My weekly inspiring blog posts may be coming a little to you than normal….in fact it is nearly wine o’clock here for those who enjoy a tipple, or perhaps that coffee is still on the menu. So whatever your drink of choice, sit back and enjoy a few minutes with some inspiring blog posts and a vlog this week! I will definitely be having a go at baking the GF choc chip cookies and eating them whilst reading some of your posts…..
Disclaimer: Thanks to The Book Club on Facebook, I was fortunate to be given an ARC of this book in exchange for a fair and honest review. All views are my own.
When I was told I had been chosen to receive this book I was absolutely delighted – I am a huge Cathy Kelly fan and have always loved her brand of contemporary Irish female fiction. But this also comes with the possibility of being disappointed by one of my favourite authors and having to write a review!
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Ginger, Sam and Callie are three Irish women all about to reach a milestone birthday. They have never met, lead completely different lives but share the same birthday – a day on which they will turn 30, 40 and 50. Ginger is not celebrating her 30th how she had pictured it, in fact her personal life is far from anything she had dreamed of and she is now bridesmaid at her best friend’s wedding on her own birthday. Overweight, overlooked, overdressed in a hideous bridesmaid dress and single. Meanwhile Sam is planning a quiet day for her 40th birthday as she prepares for the imminent arrival of a much-wanted baby. After years of failing to conceive she is finally pregnant and feeling excited, yet terrified in equal measure when her waters break. Happy birthday, Sam! Callie is the woman with everything. She was a model in her youth and is still has beauty and poise, has a handsome, successful husband, a beautiful home and her greatest pride, her teenage daughter. To the guests attending her lavish 50th birthday party she appears to live a charmed life.
The stories of these women are written in separate chapters, each chapter titled with one of their names. So, whilst the stories are completely separate, they weave around each other as the chapters progress over the following year of the title. I enjoyed the way that the author wrote this, although I think I would have preferred reading it from a book rather than on the Kindle – just my preference as I tend to flip back in this style of writing. Their birthdays all mark a huge change in circumstance for each of them with Ginger overhearing a damning conversation about herself, Sam giving birth to a beautiful daughter and the police breaking up the perfect party at Callie’s. I am trying very hard here not to write any spoilers!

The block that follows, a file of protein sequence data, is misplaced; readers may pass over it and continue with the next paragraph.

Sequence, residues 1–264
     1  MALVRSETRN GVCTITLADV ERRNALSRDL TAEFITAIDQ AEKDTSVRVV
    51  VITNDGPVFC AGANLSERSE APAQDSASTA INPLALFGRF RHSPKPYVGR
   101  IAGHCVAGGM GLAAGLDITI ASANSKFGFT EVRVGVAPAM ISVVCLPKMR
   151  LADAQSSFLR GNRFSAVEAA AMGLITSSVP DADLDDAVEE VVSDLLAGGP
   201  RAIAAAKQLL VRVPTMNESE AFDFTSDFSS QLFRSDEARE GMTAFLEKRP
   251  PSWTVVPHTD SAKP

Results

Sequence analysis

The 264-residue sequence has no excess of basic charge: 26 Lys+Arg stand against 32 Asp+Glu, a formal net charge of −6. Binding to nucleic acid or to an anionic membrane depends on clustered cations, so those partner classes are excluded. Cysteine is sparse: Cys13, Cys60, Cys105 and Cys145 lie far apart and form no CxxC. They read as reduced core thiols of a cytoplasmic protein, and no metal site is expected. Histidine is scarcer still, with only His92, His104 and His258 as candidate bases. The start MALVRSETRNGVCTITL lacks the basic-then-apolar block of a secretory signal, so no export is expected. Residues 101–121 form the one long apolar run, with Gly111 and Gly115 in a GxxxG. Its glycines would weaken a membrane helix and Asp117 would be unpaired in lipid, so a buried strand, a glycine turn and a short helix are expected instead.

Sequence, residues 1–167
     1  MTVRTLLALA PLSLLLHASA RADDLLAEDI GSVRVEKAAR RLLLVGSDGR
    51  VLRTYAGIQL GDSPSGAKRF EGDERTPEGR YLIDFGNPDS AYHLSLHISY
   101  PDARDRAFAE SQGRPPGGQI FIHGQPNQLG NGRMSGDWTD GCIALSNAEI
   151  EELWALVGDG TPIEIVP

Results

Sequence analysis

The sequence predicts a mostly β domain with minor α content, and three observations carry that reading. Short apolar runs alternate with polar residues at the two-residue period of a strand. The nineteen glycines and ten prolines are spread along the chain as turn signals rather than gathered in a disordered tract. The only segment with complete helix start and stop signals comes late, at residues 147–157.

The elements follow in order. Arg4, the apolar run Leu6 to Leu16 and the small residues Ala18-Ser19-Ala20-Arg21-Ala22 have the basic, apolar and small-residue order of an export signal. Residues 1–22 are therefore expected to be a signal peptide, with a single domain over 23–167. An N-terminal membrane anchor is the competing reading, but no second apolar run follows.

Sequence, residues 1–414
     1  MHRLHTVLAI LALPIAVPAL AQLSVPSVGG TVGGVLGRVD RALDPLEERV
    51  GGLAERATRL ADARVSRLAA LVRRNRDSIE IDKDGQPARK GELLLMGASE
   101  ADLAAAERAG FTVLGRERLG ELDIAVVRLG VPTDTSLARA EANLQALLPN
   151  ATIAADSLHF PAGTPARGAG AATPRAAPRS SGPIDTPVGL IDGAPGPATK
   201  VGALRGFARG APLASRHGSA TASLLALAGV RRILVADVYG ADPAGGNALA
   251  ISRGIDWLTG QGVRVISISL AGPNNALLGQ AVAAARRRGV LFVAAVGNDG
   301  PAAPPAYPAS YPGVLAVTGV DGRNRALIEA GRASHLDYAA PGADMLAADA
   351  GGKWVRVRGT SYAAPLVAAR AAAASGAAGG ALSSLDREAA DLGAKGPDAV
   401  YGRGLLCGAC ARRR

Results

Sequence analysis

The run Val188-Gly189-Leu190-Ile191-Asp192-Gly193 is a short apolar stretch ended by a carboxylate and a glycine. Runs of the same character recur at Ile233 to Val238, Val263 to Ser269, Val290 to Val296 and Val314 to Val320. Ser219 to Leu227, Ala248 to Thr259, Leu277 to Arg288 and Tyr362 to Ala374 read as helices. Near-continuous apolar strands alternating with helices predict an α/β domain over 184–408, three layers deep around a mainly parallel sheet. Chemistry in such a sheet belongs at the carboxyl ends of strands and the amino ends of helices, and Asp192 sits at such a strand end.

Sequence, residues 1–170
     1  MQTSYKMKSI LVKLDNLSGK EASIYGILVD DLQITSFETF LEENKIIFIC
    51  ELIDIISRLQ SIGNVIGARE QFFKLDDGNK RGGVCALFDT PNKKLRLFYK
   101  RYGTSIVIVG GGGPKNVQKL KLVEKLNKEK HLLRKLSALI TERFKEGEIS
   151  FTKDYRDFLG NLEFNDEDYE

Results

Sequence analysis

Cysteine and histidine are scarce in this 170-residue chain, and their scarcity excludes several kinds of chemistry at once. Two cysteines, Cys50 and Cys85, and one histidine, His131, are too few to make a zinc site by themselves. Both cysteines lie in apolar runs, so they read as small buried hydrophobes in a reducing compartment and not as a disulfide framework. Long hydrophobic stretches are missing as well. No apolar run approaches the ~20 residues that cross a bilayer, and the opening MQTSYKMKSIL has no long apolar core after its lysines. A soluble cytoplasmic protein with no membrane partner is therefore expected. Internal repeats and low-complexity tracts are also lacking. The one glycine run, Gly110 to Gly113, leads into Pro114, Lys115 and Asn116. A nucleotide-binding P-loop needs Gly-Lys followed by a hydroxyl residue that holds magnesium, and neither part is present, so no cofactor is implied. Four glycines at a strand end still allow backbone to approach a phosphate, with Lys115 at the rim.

I have always the loved the passion that Cathy Kelly puts into her writing, and this book is no exception. These women become real as their stories emerge from the page and their characters grow. I don’t think that there will be a mother out there who can’t identify with Sam’s feelings of absolute fear as she takes her new born home – “how do I do this? How can I keep her safe? What if I can’t do this? What if I don’t bond? I don’t know what to do and I’m terrified of failing”. Sam has another reason that is driving her fear and this is deeply connected with her family. She has been a career woman, but not by choice, whilst her sister has a young family and seems to be the perfect mummy – their own mother is not the role model either of them would ask for, making for difficult relationships. Ginger flourishes in front of our eyes as she throws herself, quite literally, into her work as a journalist (remember no spoilers) whilst grieving friendships and the lack of a man in her life, but that is not to say it is without some tremendous lows and heartbreak. For Callie’s tale, all that I will say is that I grew to feel a huge respect for this woman as her world is literally pulled from beneath her feet, leaving her fighting for herself, her daughter and her self respect.
The chapters of the stories wind around each other like twines of ivy until there is one strengthened plant growing…a year on and an epilogue brings them to common ground. Cathy Kelly has surpassed herself in the realms of female fiction here with warmth, wisdom, tears and laughter….I needn’t have worried as it completely lived up to my expectations. 5 stars
Cathy Kelly is published around the world, with millions of books in print. Cathy is the bestselling author of The Honey Queen, Once in a Lifetime and Between Sisters, and is a No.1 bestseller in the UK, Ireland and Australia. Her trademark is warm and witty Irish storytelling about modern life, always with an uplifting message, a sense of community and strong female characters at the heart.
She lives with her family and their three dogs in County Wicklow, Ireland. She is also an Ambassador for UNICEF Ireland, raising funds and awareness for children orphaned by or living with HIV/AIDS.
Find out more at www.cathykelly.com or follow her on Twitter @cathykellybooks